January 15, 2007 [LINK / comment]

Mountain-top hawks & ravens

On Saturday I ventured into new territory in the western part of Augusta County. First I did a little bit of hiking on the eastern slope of Elliott Knob, and then did the quick boardwalk loop at Augusta Springs, but not much was happening at either place. Then I headed south and climbed along a gravel road to the top of Little North Mountain, passing through Troxel Gap. It was higher than I expected and provided some great views. At the very top near some communications relay towers I came across a very loud group of Ravens that were feeding on a carcass, as well as a Red-tailed hawk. The drive home was very interesting, as I passed through the towns of McKinley and Middlebrook, and saw many picturesque farms. (Later that day, the Baltimore Ravens lost to the Indianapolis Colts, which was fine with me.) Here are the highlights:

Speaking of hawks, I saw a Sharp-shinned hawk behind the Staunton-Augusta Rescue Squad this morning, and it's probably the same one that has been menacing birds in our back yard for the past couple days.

Parrots in Brooklyn!?

Yes, it's true. I have read reports about this amazing case of avian adaptability, and learned (via The Neighborhood of God *) that there is a Web site dedicated to them: brooklynparrots.com.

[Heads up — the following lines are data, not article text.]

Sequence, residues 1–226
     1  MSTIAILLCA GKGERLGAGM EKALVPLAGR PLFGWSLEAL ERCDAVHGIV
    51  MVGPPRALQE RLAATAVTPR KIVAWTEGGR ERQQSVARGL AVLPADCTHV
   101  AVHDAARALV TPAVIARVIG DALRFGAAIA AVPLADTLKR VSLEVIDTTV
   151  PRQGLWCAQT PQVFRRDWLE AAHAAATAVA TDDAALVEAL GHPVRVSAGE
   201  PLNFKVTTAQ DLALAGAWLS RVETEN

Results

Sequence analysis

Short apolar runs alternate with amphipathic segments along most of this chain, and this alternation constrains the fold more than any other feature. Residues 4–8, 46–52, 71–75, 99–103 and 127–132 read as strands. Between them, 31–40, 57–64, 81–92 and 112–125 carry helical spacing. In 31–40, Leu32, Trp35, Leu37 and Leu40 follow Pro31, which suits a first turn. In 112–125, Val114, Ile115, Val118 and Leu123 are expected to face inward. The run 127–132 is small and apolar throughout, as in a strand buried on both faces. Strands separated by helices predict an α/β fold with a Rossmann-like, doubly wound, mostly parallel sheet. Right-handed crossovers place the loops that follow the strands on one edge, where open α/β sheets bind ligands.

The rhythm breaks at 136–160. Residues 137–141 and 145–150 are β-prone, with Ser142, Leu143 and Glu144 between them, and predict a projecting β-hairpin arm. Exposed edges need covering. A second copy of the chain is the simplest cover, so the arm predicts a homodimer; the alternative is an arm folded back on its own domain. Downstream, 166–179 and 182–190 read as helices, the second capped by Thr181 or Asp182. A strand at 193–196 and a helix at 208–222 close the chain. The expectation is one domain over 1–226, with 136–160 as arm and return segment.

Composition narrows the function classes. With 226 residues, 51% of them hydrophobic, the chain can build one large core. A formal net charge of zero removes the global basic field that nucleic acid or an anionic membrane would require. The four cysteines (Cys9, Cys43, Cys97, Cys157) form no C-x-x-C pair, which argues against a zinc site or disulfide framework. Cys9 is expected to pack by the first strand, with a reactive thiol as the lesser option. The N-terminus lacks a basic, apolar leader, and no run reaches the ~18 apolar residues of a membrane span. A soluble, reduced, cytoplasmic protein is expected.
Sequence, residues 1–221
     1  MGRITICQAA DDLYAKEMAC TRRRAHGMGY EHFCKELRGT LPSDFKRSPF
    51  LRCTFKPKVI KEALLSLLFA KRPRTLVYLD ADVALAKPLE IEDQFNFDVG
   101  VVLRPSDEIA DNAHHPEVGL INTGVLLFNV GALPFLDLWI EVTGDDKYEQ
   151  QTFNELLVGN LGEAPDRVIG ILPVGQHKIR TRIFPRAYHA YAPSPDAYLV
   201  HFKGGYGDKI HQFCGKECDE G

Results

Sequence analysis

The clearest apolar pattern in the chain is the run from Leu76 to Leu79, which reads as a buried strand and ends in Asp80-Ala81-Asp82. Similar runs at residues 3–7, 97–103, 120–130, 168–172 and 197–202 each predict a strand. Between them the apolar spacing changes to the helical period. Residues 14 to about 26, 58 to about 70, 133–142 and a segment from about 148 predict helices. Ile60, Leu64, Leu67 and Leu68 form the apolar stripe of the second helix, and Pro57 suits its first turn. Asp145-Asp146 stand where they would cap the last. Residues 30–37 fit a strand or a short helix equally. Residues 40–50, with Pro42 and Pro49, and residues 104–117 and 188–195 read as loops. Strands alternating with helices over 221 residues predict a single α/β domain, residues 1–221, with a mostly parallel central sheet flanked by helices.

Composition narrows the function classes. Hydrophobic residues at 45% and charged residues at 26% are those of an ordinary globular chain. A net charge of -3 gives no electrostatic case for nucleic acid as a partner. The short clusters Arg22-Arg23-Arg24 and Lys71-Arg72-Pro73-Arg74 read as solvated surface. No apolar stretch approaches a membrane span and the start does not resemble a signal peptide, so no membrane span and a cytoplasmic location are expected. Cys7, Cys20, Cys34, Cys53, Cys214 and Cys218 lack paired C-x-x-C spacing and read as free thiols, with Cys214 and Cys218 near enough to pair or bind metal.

* UPDATE: I was curious about the origin of that blog's name, and (after Googling) I found the poem "Friend In The Desolate Time" by Erik Johan Stagnelius at poemhunter.com. It concludes:

Therefore, rejoice, oh friend, and sing in the darkness of sorrow:
Night is the mother of day, Chaos the neighbor of God.

COMMENT by: Dymphna Saint, of Piedmont area, VA on Jan 16, 2007 17:01 PM
That was Stagnelius' only decent poem. I found it a few years ago in the magazine "First Things" and cut it out. When I researched him, though, it was obvious his deep depression got in the way of his poetry. The bird pics are great. the future Baron has been avid about avians since he was a wee one. We have no idea where that gene comes from but he became a kind of "amateur expert" on his own. He demurs from this, saying he is not good at recognizing the birds' calls. I plan to show him the photos...too bad he's seeing them so late. Doesn't leave much time to get over there and have a look around. I think he participated in the end-of-year count one time, but I'm vague on that. Now college leaves little time for such activities when you have 3 other room